Explore cinematic adaptations of epic and scintillating stories from historic Chinese operas. This film series mixes narrative and documentary work and includes the rarely screened gem Romance of the Western Chamber (Xixiang ji)—a silent film that will be presented with live music from a newly commissioned score by Donald Sosin.

Yang Fudong: Fifth Night
February 28–March 30, 2014
Logan Center for the Arts, 915 E. 60th St.
Opening reception: 6 – 8 p.m., Friday, Feb. 28, 2014,
Free

Yang Fudong’s epic and otherworldly 2010 video installation Fifth Night is a beautifully complex work that tells the story of seven young people in old Shanghai simultaneously across seven screens.

The Five Elements Project: Water
3 – 4 p.m., April 27, 2014
Logan Center for the Arts, 915 E. 60th St.
Performance Hall
$10 general admission, $5 students
chinesefinearts.org/five_elements

The first of the Chinese Fine Arts Society’s series exploring the Chinese five elements, this concert features traditional and contemporary works by renowned composers Chen Yi, Lei Liang, Bright Sheng, and Liu Wenjin, and the world premiere of Huang Ruo’s Phrases of the Stream for pipa and erhu. The five elements are used in Chinese philosophy, art, and science to describe natural phenomena.

Shanghai Quartet
7:30 p.m., May 2, 2014, 6:30 p.m., preconcert talk with Philip Gossett, the Robert W. Reneker Distinguished Service Professor Emeritus in Music and the College
Mandel Hall, 1131 E.57th St.
$35 reserved seating, $5 students

Celebrating its 30th anniversary season, the Shanghai Quartet has become one of the world’s foremost chamber ensembles and is renowned for its passionate musicality, impressive technique, and multicultural innovations.

M. Butterfly
May 8–June 8, 2014
Court Theatre, 5535 S.  Ellis Ave.
Ticket prices vary.

M. Butterfly is an exquisitely delicate and aggressively original play about sex, espionage and imperialism. Skillfully intertwining the story of Puccini’s opera, Madama Butterfly, with a plot inspired by true events, playwright David Henry Hwang untangles the story of René Gallimard, a meek French civil servant who meets the woman of his dreams in Song Liling, a beautiful Chinese opera diva—who may be much more than she appears. M. Butterfly has become a postmodern classic whose exploration of the sexual politics of East and West continues to resonate today. Directed by Court Theatre Artistic Director Charles Newell.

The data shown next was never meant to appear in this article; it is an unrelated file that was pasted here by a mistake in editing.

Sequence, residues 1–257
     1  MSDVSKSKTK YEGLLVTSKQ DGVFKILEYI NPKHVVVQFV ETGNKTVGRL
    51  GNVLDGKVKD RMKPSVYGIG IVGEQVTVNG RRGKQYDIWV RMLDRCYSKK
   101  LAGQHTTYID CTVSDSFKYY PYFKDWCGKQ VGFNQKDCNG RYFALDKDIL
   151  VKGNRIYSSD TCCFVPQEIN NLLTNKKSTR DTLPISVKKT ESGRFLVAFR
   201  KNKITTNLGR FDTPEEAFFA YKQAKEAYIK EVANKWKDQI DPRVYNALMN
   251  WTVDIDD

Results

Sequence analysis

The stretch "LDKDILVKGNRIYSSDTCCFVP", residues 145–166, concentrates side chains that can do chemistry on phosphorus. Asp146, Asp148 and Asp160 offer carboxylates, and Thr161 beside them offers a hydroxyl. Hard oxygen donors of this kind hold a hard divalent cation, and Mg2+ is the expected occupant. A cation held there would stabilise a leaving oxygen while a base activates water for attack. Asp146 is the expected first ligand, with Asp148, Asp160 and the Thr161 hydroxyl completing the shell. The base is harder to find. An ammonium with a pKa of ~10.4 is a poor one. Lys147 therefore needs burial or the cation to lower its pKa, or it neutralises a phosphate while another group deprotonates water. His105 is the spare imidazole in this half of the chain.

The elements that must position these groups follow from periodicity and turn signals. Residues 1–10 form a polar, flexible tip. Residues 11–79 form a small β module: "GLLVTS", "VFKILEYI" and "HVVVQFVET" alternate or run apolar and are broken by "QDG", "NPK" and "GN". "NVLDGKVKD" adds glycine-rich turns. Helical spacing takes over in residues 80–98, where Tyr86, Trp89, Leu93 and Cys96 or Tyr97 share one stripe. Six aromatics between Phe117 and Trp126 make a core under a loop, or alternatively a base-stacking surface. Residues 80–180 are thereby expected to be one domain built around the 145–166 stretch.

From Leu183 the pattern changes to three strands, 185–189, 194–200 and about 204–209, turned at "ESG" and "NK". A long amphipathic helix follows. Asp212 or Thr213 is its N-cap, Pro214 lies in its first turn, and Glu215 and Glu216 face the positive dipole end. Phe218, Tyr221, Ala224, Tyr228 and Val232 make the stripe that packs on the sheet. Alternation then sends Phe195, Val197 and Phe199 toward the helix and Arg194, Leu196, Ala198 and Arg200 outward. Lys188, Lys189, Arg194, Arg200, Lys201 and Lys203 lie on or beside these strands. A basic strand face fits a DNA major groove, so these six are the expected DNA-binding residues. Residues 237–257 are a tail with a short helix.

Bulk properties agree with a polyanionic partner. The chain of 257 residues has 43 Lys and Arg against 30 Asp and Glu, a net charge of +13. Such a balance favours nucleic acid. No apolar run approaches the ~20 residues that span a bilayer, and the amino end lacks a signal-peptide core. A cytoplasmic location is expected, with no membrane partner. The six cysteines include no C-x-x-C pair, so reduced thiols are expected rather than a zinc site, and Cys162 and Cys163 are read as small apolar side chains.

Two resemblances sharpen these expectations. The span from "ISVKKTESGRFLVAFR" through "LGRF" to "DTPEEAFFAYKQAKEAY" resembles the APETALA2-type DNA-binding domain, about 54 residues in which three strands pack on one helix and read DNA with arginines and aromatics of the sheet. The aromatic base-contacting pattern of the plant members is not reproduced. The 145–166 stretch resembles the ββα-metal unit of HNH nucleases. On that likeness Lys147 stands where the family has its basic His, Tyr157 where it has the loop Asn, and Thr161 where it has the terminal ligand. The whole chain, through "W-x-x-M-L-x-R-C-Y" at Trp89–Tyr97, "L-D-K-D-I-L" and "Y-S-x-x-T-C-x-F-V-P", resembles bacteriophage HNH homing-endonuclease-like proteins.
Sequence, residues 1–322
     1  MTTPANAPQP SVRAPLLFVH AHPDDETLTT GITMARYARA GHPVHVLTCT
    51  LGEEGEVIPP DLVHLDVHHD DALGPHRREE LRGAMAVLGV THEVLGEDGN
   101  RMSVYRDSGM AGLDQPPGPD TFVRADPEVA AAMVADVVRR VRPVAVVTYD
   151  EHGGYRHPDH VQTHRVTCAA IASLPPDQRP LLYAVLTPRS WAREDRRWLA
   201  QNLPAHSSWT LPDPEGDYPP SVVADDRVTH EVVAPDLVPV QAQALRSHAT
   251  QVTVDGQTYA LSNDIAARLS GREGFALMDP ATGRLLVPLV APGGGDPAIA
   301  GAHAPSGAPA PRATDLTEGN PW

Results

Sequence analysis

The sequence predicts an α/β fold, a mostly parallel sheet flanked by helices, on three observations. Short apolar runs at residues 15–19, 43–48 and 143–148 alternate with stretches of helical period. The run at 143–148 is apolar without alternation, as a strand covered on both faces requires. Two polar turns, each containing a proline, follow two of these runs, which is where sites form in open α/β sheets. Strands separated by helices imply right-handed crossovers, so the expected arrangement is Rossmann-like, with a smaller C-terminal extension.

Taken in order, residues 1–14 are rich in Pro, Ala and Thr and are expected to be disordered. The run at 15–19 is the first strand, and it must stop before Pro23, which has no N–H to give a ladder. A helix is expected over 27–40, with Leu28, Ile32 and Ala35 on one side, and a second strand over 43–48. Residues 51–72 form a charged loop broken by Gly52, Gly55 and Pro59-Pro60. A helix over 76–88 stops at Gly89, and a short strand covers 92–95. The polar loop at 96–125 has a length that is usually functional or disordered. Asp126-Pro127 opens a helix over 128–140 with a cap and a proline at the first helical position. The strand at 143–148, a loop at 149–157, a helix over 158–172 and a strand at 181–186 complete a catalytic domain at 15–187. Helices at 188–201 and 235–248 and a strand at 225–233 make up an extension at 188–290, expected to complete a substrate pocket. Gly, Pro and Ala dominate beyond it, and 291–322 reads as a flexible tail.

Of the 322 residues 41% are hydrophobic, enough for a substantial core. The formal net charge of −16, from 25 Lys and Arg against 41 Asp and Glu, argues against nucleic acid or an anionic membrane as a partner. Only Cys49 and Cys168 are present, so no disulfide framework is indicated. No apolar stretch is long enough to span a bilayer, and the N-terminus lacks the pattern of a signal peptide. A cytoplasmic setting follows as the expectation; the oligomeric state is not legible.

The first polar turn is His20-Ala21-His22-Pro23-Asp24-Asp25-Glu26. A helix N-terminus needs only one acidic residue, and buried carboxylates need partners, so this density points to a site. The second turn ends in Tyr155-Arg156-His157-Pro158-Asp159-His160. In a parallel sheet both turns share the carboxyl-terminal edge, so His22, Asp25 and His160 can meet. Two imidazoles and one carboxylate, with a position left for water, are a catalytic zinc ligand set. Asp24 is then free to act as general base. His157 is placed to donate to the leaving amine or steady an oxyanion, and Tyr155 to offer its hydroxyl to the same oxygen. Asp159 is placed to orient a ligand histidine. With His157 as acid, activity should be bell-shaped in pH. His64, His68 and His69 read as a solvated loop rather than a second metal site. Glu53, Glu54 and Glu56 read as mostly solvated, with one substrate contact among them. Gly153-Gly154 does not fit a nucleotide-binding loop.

Pipa Recital: Lan Weiwei
2 p.m., June 1, 2014
Smart Museum of Art, 5550 S. Greenwood Ave.
Free. Seating is limited and offered on a first-come, first-served basis.

Enjoy a performance from virtuoso Lan Weiwei—one of the best pipa players in China and professor in pipa performance at the Central Conservatory of Music in Beijing. The pipa, a plucked Chinese string instrument, often was the featured accompaniment in Chinese opera. The recital will bridge ancient and modern, featuring Ming dynasty and other traditional works from the pipa repertoire as well as the debut of a newly commissioned piece by composer Chen Yao, PhD’12.

Print

Photos

Fan Painting with Peking Opera Scene
Imperial Opera Mask Painting
Actor Cards with Scenes from Peking Opera Plays
Romance of the Western Chamber video still
Performer MingHuan Xu on violin

This fan painted with a Peking opera scene of a tiger dates from the 19th century during the Qing dynasty (1644–1911). The folding fan is mounted as an album leaf and decorated with ink and colors on gold paper.

Courtesy of Boston Museum of Fine Arts

A painting from ca. 1746–95 depicts an Imperial Opera mask-wearer portraying a spirit. The album leaf is composed of ink and color on paper.

Copyright Photographer John Weinstein, The Field Museum

"Domino cards" or actor cards from the Qing Dynasty depict various scenes from Peking Opera performances. The forty-one cards were made using ink and color, printed on paper.

Courtesy of Brooklyn Museum of Art

This video still is from the movie "Romance of the Western Chamber," part of the Rare Chinese Opera Film series.

Courtesy of 2009 EYE Collection / Photo by D.W.B. van Maarseveen

MingHuan Xu performs on the violin at a Chinese Fine Arts Society Concert.

Photo by Michael Boyd

Media Contact

Nora Semel
Director of Communications for Visitor Experience and the Arts
Office of the Vice President for Communications, University Communications
norasemel@uchicago.edu
(773) 702-7835